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Hackers and Depression: Inform Yourselves About CBT

My wife is a clinical psychologist. Over the past week we’ve had long discussions about Cognitive Behavioral Therapy (CBT), which is a certain type of therapy that is focused on using evidence-based methods (read: there have been studies showing effectiveness), with a particular emphasis on rational reasoning and pragmatic ways to tackle issues like depression and anxiety. The overlap with programming in terms of the way of thinking is astounding.

As a community, we rarely talk about mental illness. It takes high profile cases like Aaron Swartz’s suicide to get us to even bring up the subject, but more than likely we’ll revert back to our isolation and pretend like depression isn’t a serious issue in the tech world. We need to face depression, not sweep it under the rug.

If you or someone you care about is dealing with depression, please take a look at CBT. This article is a joint effort between a programmer (me) and a psychologist (my wife). I bet it’s the first article about therapy you’ve seen that uses code snippets to illustrate points.

CBT is for Hackers:

The tragedy to me is this: one of the most effective and scientifically-backed treatments for depression appears to be a stunning fit for hackers, and yet few people know about it. It’s called Cognitive Behavioral Therapy (CBT), and it has some of its origins in computer science.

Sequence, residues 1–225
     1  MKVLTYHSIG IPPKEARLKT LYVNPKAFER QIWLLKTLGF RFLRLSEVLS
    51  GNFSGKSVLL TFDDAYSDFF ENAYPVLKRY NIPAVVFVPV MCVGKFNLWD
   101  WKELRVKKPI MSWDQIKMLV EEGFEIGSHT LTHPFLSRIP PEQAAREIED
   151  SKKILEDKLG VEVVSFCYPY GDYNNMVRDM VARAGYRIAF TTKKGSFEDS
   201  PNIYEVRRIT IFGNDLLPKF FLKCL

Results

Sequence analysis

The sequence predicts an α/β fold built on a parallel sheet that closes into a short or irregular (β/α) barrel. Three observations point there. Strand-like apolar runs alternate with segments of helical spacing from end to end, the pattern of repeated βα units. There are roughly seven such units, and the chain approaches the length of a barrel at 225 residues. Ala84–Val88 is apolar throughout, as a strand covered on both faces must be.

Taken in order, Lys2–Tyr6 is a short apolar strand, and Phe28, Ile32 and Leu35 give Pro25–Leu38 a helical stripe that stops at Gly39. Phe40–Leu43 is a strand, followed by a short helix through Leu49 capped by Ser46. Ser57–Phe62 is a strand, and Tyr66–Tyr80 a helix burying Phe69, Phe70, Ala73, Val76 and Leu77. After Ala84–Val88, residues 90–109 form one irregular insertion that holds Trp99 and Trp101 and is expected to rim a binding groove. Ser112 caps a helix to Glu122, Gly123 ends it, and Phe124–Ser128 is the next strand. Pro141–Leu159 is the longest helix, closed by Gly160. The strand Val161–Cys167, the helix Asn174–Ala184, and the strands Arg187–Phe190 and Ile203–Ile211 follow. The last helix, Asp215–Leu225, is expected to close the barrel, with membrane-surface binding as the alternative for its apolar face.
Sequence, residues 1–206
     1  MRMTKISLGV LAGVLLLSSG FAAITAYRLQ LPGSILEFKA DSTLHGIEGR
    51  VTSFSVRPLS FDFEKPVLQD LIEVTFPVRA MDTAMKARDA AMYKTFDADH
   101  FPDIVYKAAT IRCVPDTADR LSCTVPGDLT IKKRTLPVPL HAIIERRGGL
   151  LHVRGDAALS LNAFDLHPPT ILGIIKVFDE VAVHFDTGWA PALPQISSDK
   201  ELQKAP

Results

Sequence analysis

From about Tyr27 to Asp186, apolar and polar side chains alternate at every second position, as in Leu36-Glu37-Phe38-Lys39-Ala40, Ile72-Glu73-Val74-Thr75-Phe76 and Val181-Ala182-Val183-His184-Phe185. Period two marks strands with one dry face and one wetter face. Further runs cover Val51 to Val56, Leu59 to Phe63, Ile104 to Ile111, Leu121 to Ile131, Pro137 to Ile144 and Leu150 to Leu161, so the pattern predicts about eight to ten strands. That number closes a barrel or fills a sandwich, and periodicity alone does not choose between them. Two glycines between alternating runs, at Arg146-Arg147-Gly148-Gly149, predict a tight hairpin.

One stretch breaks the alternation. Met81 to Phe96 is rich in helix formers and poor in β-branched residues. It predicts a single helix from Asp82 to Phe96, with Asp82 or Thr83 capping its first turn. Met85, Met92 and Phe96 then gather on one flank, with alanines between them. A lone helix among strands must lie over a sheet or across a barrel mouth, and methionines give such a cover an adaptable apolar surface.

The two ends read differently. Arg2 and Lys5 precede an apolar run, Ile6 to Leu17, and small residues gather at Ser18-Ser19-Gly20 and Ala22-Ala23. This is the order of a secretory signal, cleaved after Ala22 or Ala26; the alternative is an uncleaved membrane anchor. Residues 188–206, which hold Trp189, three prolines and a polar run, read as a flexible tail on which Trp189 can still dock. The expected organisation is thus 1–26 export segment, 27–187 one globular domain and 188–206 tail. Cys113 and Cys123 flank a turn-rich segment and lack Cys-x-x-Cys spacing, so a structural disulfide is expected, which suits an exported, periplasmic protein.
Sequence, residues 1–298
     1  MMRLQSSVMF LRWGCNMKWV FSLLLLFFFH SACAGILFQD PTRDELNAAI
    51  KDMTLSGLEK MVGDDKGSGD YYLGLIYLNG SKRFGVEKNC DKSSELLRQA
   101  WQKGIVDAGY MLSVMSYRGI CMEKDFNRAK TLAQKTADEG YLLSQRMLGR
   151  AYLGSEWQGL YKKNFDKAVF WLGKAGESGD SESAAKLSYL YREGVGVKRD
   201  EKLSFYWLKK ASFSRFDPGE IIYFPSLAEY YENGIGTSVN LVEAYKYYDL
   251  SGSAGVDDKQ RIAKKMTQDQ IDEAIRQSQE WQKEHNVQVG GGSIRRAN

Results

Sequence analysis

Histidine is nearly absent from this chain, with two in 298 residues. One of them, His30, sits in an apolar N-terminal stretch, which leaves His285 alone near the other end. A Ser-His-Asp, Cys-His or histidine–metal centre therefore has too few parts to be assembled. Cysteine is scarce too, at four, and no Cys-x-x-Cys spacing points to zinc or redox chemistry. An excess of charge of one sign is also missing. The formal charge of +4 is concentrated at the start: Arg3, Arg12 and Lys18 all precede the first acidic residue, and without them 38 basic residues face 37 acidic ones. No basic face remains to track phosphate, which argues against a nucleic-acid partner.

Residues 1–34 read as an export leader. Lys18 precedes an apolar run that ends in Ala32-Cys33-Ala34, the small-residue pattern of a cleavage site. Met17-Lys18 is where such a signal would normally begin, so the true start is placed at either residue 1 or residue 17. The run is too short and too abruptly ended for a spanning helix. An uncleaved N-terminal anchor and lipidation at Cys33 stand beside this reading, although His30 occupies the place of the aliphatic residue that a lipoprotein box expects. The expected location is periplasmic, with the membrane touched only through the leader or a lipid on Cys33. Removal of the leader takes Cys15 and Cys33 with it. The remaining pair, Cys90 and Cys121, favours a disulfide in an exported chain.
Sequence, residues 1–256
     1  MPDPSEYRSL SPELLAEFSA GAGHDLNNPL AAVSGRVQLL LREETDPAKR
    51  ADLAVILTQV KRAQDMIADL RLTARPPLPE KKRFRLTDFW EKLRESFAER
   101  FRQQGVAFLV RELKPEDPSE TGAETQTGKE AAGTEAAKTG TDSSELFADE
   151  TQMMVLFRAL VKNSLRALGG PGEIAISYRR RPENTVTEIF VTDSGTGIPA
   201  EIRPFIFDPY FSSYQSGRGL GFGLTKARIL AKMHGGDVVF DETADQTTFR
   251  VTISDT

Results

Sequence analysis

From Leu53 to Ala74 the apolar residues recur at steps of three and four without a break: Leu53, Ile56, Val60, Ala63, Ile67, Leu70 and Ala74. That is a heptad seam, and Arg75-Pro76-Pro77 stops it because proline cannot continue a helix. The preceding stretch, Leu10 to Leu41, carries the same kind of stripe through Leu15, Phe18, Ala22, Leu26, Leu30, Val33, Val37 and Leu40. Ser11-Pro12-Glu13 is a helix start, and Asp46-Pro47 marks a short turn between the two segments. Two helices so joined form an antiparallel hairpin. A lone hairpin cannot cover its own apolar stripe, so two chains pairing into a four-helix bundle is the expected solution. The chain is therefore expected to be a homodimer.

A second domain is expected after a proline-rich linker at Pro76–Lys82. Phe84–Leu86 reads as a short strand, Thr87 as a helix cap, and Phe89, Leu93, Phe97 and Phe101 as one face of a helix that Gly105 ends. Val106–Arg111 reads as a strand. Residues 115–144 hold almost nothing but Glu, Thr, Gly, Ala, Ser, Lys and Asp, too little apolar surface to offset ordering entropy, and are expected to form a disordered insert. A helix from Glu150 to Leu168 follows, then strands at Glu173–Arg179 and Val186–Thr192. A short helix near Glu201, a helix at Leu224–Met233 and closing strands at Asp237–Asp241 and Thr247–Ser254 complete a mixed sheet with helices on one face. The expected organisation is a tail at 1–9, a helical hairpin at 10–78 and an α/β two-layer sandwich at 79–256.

Born out of the cognitive revolution of the 1950s, a key idea within cognitive psychology is that by studying successful functions in computer science, it becomes possible to make testable inferences about human psychological processes. Cognitive behavioral therapists mirror hackers in how they see the world and approach problems. They share the same core values: an emphasis on problem solving as efficiently and effectively as possible, using logic to debug a system, gathering data to test out what works and what doesn’t, and implementing transparent methods that others can understand and replicate as opposed to simply putting your faith in a “magic black box”. CBT and hackers are long lost kindred spirits, yearning to be reunited.

Read the full CBT is for Hackers article.

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  • Oh man. Take a look at this example I whipped up last night. This takes the google-finance-esque charting example from Brendan Meutzner and steps it up a notch. Now we've got two sets of charts, overlapping each other so we can easily compare the data. Drag the selected range of either of the charts using…
    Tags: psychology
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